Crude oil market threat
US crude oil prices have fallen almost 30% in 2015 and almost 65% since the peak in June 2014. Crude oil is a big threat not only for top energy firms around the world but also for the financial market, as energy is an important sector in the broader market. The depressed energy market has erased just over $1 trillion of market capitalization from oil and gas companies around the globe. Around $2 trillion of bonds sold by oil and gas companies since 2010 have been hammered by the downturn in the energy market and are at risk of a credit rating downgrade. The possibility of default is rising. European government bonds worth more than $2 trillion have given returns of less than zero due to the turmoil in the oil market and oil-driven deflation.
The crude oil bear market has also affected commodity-exporting giants like Russia and Brazil. The currencies of these countries have collapsed, and massive funds have flown out of emerging markets in 2015.
The low oil prices are affecting investments in oil and gas projects. Low oil prices and rising US interest rates in 2016 will continue to put pressure on corporate credit and emerging markets. Some of the top oil companies like ExxonMobil (XOM), PetroChina (PTR), Royal Dutch Shell (RDS.A), Eni (ENI), Total (TOT), Chevron Corporation (CVX), and BP (BP) have posted their lowest profits in many years due to the collateral damage of crude oil prices.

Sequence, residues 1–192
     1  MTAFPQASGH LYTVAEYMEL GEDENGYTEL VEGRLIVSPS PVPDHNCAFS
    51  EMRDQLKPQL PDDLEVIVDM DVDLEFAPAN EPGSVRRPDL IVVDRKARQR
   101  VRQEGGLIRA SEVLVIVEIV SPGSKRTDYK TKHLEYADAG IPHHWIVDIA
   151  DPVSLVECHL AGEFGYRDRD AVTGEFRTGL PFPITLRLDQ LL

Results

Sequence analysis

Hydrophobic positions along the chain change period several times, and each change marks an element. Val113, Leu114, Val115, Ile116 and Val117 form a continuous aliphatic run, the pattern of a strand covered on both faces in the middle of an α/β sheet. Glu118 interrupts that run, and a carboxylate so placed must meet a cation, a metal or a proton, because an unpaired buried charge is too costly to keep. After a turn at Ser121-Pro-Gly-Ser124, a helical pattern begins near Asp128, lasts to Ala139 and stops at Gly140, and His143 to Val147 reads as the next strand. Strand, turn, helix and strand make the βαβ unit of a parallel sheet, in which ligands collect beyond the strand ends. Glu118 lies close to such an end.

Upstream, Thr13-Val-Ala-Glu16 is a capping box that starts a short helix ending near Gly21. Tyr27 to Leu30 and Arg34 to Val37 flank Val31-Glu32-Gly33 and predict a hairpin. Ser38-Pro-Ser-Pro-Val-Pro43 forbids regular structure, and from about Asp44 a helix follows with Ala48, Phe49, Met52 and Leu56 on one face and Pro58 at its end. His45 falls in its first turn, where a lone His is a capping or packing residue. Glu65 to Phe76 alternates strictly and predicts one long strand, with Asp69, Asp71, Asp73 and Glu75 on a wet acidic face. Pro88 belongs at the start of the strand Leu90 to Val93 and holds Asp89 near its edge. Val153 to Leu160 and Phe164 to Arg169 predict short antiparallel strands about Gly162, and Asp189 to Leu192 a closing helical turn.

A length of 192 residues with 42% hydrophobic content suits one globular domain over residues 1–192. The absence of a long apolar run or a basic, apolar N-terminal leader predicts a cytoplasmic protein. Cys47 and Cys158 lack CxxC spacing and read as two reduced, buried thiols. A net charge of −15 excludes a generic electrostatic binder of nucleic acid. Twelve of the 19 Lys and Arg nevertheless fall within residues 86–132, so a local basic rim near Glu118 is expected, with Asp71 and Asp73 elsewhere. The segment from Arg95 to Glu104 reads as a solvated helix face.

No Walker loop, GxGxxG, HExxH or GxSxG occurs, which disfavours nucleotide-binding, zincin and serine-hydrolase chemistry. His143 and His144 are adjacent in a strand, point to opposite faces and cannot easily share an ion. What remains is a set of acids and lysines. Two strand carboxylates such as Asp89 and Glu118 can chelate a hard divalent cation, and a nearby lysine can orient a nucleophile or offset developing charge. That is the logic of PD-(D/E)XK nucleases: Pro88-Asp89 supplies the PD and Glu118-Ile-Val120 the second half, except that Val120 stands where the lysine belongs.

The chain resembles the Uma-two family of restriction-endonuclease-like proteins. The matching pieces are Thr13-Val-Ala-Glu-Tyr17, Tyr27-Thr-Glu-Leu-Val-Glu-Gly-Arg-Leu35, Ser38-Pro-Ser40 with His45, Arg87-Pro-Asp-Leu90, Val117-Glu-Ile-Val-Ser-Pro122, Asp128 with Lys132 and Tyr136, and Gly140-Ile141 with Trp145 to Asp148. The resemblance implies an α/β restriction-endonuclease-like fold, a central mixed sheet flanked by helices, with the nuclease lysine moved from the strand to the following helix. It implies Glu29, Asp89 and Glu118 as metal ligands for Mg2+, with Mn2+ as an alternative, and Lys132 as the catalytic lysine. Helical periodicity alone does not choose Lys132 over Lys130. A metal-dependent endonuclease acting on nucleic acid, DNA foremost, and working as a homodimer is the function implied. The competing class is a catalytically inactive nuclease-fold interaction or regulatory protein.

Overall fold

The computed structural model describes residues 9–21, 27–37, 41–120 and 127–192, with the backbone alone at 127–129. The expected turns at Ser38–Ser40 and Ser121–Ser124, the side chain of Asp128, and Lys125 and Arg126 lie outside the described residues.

The depressed oil market could curb the demand for US bonds by 30% in 2016. The market consensus suggests that around $300 billion of Treasuries will be issued in 2016. This is 50% of 2015 levels. The turmoil in the oil market could have a contagion effect in the broader market (SPY) and other assets classes in 2016.
The uncertainty in oil and gas prices also affects ETFs such as the iShares US Oil Equipment & Services ETF (IEZ), the Vanguard Energy ETF (VDE), and the First Trust Energy AlphaDEX Fund (FXN).